One Reply to “11.4.2013 Journal Prompt”

  1. Once on the running track, his legs kicking the air and his arms punching ghosts, he lost himself. And the faster he ran, the further behind him were his troubles. There was just the quick and steady pulse in his thoughts and his focus on pushing forwards, one fleet-foot step at a time, and he felt suddenly light and suddenly free.

    A little longer each day and a little further, and no nearer the limit of what he could do, like a machine that does not count the miles and the wheels keep turning. And he came back from those runs and everything was changed and his life could be briefly easy then and he imagined he felt his father patting his shoulder and saying, in a burr-saw whisper, that he’d done good.

    And so it came to him one day. And he did not tell Sheree, who never believed all his time away from her was spent just running, had invented an affair he was having with Milly in her lace slip and no pants and her lips painted red as the crushed bodies of the cochineal; or his mother with her scold words and her hard slapping hand and her ‘if only your father was here to see you now, my boy’; or Matty who did not start his day without a sharp broken-glass word against running, and a word for taking things slow and without a sweat, and Matty laughed at the shorts that he wore and his legs like sticks and his arms like pistons pumping.

    And so in the end he told no one. He just left the running track, at the farthest reach, not breaking his stride, and he hit the road. There was no plan and there never was. He just ran. Leaving behind everything he had been and everything he would be if he stayed. Leaving Sheree and his mother and Matty. And leaving behind Milly though the smell of her was on his fingers. And he ran.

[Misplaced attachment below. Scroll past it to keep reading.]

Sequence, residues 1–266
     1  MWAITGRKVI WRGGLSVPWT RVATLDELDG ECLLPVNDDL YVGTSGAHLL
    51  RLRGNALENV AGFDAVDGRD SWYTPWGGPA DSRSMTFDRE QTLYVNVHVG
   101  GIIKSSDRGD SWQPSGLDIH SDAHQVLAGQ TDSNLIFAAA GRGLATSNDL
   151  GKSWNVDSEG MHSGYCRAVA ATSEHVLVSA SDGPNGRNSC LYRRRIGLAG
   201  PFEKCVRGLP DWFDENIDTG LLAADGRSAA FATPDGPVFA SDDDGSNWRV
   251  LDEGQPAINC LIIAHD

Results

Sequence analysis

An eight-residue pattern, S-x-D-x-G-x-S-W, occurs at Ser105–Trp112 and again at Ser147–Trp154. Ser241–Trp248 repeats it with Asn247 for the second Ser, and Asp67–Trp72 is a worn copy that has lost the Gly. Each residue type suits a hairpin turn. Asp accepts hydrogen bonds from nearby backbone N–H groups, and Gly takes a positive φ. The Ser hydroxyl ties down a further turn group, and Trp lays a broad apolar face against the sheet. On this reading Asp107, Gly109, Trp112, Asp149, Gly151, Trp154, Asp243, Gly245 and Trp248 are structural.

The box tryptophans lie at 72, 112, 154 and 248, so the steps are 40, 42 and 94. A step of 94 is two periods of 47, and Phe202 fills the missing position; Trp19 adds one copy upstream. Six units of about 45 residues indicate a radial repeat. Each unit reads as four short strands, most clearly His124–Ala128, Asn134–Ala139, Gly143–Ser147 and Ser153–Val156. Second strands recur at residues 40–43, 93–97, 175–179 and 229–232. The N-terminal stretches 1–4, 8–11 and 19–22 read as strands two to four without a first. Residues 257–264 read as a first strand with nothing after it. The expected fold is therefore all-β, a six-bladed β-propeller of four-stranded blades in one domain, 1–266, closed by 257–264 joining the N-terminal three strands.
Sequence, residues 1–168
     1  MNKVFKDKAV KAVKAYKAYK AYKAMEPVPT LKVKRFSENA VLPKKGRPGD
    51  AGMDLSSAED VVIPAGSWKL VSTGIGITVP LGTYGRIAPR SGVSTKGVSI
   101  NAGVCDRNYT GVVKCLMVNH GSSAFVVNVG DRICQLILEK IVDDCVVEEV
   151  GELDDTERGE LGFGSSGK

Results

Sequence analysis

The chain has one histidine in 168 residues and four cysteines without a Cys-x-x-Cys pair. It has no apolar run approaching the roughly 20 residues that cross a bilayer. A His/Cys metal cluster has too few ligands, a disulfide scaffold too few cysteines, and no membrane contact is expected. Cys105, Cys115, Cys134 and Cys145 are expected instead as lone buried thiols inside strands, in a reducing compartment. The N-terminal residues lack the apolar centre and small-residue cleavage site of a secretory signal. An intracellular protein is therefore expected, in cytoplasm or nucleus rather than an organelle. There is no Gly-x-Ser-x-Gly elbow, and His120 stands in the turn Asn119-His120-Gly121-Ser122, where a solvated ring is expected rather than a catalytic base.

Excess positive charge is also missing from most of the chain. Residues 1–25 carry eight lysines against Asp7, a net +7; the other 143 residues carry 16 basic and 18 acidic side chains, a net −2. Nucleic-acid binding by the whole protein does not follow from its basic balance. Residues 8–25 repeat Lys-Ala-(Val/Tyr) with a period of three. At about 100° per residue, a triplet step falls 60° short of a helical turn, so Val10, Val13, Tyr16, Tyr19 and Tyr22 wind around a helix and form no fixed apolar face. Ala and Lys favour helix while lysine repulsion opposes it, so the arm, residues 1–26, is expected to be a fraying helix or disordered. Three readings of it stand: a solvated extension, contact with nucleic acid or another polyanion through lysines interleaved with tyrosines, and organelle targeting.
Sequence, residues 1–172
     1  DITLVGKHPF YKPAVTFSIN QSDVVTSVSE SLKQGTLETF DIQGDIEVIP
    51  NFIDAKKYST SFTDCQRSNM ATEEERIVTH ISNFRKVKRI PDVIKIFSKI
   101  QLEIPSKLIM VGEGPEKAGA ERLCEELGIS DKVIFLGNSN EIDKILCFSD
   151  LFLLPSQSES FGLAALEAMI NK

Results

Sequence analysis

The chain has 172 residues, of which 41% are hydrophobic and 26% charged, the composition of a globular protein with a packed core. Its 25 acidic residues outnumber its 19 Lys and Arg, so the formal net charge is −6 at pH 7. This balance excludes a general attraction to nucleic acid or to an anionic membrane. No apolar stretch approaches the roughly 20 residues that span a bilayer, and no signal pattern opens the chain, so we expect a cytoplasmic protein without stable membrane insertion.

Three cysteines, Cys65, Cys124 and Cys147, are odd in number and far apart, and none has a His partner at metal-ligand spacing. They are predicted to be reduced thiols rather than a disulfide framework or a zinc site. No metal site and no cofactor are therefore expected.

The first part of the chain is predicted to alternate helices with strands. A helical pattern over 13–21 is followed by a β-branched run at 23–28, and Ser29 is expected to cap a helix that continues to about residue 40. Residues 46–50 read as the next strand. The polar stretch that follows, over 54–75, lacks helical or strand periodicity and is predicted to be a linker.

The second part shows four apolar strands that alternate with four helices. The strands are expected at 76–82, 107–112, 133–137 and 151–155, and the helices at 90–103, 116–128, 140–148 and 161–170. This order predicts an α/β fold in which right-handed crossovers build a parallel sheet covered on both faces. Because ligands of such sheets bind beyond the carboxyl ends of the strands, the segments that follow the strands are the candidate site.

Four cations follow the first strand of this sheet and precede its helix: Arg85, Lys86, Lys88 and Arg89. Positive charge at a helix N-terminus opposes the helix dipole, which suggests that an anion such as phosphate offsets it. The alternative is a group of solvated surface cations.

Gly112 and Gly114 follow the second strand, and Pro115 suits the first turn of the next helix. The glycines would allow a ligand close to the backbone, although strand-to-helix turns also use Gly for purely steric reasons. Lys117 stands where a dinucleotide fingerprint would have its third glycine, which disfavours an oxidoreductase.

There were cars that slowed and their windows wound down and women in bottle-blonde hair and their tits in too-small bras and they asked if he needed a lift someplace, and they called him sugar and honey, and he smiled and shook his head and his breathless words said he was just running, and thank you all the same, he said.

    And trucks sounded their trumpet-blast horns as they passed and their outsize wheels burning rubber; and kids kept pace with him for a short way and then they cheered and waved him on; and a dog once, and its bark had no bite and its tail was up, and it, too, ran a small way with him.

    And he laughed and his legs kicked and his arms punched. And there was no way of knowing if he was chasing or being chased. And he ran through the morning and through the day, and he ran after the moon and the turning stars, and he when at last he stopped it was to drink and to eat and to sleep, before getting up and starting again, putting a greater and greater distance between who he had been and who he could now be.

    And the voice of his his father urging him on, and his grandfather, too. And he was running for them all and carrying them away with him, away from the place that had been no place at all.

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